St. Vincent's Screening To Prevent Heart Failure Study (STOP-HF)
The STOP-HF study is a prospective, randomized, controlled trial recruiting asymptomatic individuals with risk factors for left ventricular dysfunction from 50 primary care clinics in Dublin and south east Ireland. It is designed to determine whether using natriuretic peptide measurement as a screening tool following a general cardiovascular risk factor screen will reduce the prevalence and severity of ventricular dysfunction in conjunction with specialist follow-up at St. Vincent's University Hospital.
Left Ventricular Dysfunction
Other: Intervention Care
|Study Design:||Allocation: Randomized
Endpoint Classification: Efficacy Study
Intervention Model: Parallel Assignment
Masking: Open Label
Primary Purpose: Prevention
|Official Title:||St. Vincent's Screening To Prevent Heart Failure (STOP-HF) Study Using Natriuretic Peptides to Identify and Prevent Progression of Left Ventricular Dysfunction in Community Based, Asymptomatic, At-risk Individuals.|
- Prevalence and severity of LVD [ Time Frame: 5 year ] [ Designated as safety issue: Yes ]
|Study Start Date:||January 2005|
|Estimated Study Completion Date:||July 2017|
|Estimated Primary Completion Date:||December 2012 (Final data collection date for primary outcome measure)|
No Intervention: Usual Care
Usual Care will involve ongoing management from the general practitioner, nurse-led assessment of cardiovascular risk at the general practice and referral to specialist services as deemed necessary.
Intervention Care is defined as a collaborative cardiovascular management between primary care and specialist hospital based services. This will involve natriuretic peptide guided evaluation of LVD and follow-up as appropriate
Other: Intervention Care
Intervention Care is defined as a collaborative cardiovascular management between primary care and specialist hospital based services. This will involve natriuretic peptide guided evaluation of LVD and follow-up as appropriate - for example including echocardiographic assessment of left ventricular systolic dysfunction and appropriate pharmacotherapy.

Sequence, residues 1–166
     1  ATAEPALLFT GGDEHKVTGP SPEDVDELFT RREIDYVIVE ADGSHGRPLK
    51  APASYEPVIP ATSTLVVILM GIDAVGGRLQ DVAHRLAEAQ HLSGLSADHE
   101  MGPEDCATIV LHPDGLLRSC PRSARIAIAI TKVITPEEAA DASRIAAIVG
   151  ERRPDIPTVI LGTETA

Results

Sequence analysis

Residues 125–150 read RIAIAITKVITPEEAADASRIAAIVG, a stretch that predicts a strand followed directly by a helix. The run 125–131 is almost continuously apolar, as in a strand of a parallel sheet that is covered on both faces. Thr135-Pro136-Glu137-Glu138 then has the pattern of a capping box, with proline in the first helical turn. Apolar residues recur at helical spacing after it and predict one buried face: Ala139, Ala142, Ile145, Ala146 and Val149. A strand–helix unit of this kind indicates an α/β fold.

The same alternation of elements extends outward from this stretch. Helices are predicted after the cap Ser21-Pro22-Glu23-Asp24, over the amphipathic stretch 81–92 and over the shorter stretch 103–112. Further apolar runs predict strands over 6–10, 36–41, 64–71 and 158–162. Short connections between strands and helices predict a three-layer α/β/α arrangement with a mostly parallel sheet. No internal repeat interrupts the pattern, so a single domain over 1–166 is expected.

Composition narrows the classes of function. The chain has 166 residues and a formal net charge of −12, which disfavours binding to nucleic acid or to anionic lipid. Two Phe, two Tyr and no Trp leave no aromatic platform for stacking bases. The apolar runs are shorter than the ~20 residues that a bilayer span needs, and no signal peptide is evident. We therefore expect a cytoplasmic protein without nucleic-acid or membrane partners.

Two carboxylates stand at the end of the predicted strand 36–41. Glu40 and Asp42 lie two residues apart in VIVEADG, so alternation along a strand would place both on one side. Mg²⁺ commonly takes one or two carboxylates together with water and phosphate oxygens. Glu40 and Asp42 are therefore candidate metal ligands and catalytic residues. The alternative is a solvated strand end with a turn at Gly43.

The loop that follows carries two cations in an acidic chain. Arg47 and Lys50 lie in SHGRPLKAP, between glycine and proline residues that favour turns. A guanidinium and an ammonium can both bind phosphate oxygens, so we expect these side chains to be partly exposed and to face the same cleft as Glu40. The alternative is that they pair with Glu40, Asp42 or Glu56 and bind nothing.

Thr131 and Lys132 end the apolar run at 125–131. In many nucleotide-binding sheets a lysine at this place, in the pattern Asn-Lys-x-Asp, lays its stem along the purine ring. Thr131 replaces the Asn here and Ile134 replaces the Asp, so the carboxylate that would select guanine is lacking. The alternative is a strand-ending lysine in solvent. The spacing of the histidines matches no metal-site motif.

Hide Detailed Description
A large proportion of the population has substantial left ventricular dysfunction (LVD) and do not have symptoms (Stage B heart failure). For many of these patients, if identified and treated appropriately, it is possible to prevent the subsequent development of heart failure (HF). Although the current gold standard for detection of LVD is echocardiography, it is expensive and impractical for mass screening.
Natriuretic peptides are attractive candidates for screening populations for asymptomatic LVD particularly because of high negative predictive values. Furthermore, some studies have shown that, in the right setting, screening with natriuretic peptides might prove cost effective in combination with echocardiography for patients with elevated levels.
However, in common with many accepted screening strategies, there are no randomised studies which show that screening the population with natriuretic peptides for asymptomatic LVF alters the natural history of the condition.
From a large, community based cardiovascular risk screening programme including more than 13,000 patients, patients in the catchment area of St Vincent's University Hospital are invited to participate in the STOP-HF study. The objective of this work is to determine whether or not using natriuretic peptide screening in conjunction with specialist follow-up will reduce the prevalence and severity of LVD in a well-defined, at-risk, primary care population. It also aims to: evaluate the natural history of natriuretic peptides over time in this population; to clarify optimal screening cut-offs for the detection of LVD; to evaluate the clinical, pharmacological, biochemical, genetic and proteomic determinants of natriuretic peptides in this setting; to determine whether the clinical benefits of the STOP HF screening programme, if any, are cost effective.
The study design is prospective, randomised and parallel group.